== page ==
Afraid your children are spending too much time with their video games? So much time that they might just get sucked into them and never return because they can’t beat the evil boss at the final level now that he has control of the keyboard that controls the game? That’s exactly what’s happening to Charlie— a smart, funny, young video game programming kid— in The Amazing Interactive Adventure 2 now appearing live on stage with MET’s The Fun Company! Only it’s up to you to help Charlie out! In this exciting interactive adventure, much like the title describes, it’s up to the members of the audience to help save Charlie and get everyone back on the right side of the game! Written by Allison and Jon Paul Duvall and Directed by Giovanni Kavota, this zany madcap adventure is like no other and will keep the kids laughing and giggling in and out of their seats for just over an hour’s worth of fun theatrical entertainment.
The world of Minecraft is readily in play given the work of Set Designer Matt Vance. Looking exactly like the cross-sectional grid (complete with flying wall props crafted by Devin Gaither) one encounters in the game, Vance brings that virtual reality of a video game into 3D existence upon the stage. Costume Designer (who wears a secondary hat in the show as Fight Choreographer) Steve Custer really gets the imaginations going but not without a little help from some previously instituted video game classics. The Lackey and Ensemble-Henchman have costumes that look very similar to Waluigi and Wario, both notorious bad-guys from the Super Mario Bros. world. Even the Boss character takes on a red Bowser-inspired look under Custer’s inspired couture, while JunkBot and Charlie have more modern gamer looks, particularly Charlie whose sartorial motif fits that of a Pokémon Trainer.
Video game magic is pumped in via sound system, mainly Sound Designer and Music Composer Callan Holderbaum and Thom Huenger. With 80’s-esque midi files overlaying popular music and a whole slew of sound effects that ring true to anyone who’s ever played on any generation of video gaming consoles, Holderbaum and Huenger go to town when it comes to creativity with the aural affections of the performance. Add in strobes and clever blinking colors, crafted by Lighting Desinger Doug Grove and you’re ready for an epic and amazing adventure in the video game realm!
Director Giovanni Kavota encourages the ensemble performers to really engage the audience with what’s happening. Pre-show involvement includes company members Lia Seltzer and Matt Baughman (who appear throughout the show as various characters) welcoming kids onto the stage for some basic ice-breaker improv style games. Both Seltzer and Baughman are pumped full of energy. Seltzer in particular delivers a radiant enthusiasm and addresses each kid individually to really help them feel like they are a part of the show.
Seltzer is later featured in the performance, first as a mom, but mainly as JunkBot— a super useful robot. But JunkBot isn’t just any ordinary robot! Whenever Seltzer’s character begins to power down, the audience is encouraged to jump up and spin around to help wind up her power cells and get her back on her feet. Baughman is featured throughout the ensemble too, with his most memorable role being the Pirate Captain at the Skulls & Groans Comedy Club where he invites members of the audience up onto his ship to tell really bad pun-laden pirate themed jokes.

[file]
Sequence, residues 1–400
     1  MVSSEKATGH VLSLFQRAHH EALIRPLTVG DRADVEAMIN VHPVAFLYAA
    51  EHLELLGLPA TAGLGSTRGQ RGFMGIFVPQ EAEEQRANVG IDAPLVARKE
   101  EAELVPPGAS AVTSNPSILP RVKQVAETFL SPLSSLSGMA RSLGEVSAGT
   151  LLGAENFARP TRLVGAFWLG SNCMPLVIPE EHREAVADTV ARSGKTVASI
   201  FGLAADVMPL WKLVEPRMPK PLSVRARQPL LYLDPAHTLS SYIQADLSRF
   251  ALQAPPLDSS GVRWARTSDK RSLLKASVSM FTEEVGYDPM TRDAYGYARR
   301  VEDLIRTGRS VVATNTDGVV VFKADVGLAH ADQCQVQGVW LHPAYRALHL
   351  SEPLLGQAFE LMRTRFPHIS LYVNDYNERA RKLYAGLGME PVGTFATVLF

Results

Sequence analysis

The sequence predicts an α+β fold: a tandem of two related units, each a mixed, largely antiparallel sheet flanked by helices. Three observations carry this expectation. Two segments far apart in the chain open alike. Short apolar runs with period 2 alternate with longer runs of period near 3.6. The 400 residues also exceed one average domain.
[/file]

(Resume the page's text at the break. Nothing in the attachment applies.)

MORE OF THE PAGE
All three of the ensemble performers— Seltzer, Baughman, and Katie Rattigan (who is credited mainly as the Boss’ Lackey) appear in an epic scene-stealing routine known as “Attack of Kung Fruit!” This interactive experience involves the kids karate chopping their way through some crazy zany fruit ninjas— who bellow phrases like “Snack Attack!” and “Juice Truce!” Seltzer plays a giant banana, Rattigan a berry, and Baughman a wizened sensei pineapple in this sketch and it is one of the most hilarious bits in the piece.
Rattigan, who is the lowly lackey to The Boss (at this performance Thomas Scholtes) does a great job of playing the character with simplicity. This makes for some great laugh moments, particularly when it comes to ice cream. Scholtes, who has mastered the maniacal laugh of a super evil Boss Villain, is exceptional when it comes to responding to the audience. Putting his supreme improv skills to use throughout the show with great consistency, Scholtes encourages the kids to feel like an active part of the program, even if it means heckling him.
As for Lauren Johnson, who plays little Charlie, she’s primed to relate to the children of the audience. Taking suggestions, engaging them in the scenes where interaction is called for, and balancing them into quiet attention when the scenes aren’t so interactive; Johnson is a great theatre-for-young-audiences player. Energetic like the rest of the cast and just as engaged in the storyline, Johnson and her band of merry friends make it an amazing adventure just as a show called The Amazing Interactive Adventure ought to be!
Running Time: Approximately 75 minutes no intermission
The Amazing Interactive Adventure 2 plays through June 26, 2016 at the Maryland Ensemble Theatre’s The Fun Company in their Stage2 Performance Space in the Historic FSK Hotel building— 31 W. Patrick street in downtown historic Frederick, MD. For tickets call the box office at (301) 694-4744 or purchase them online.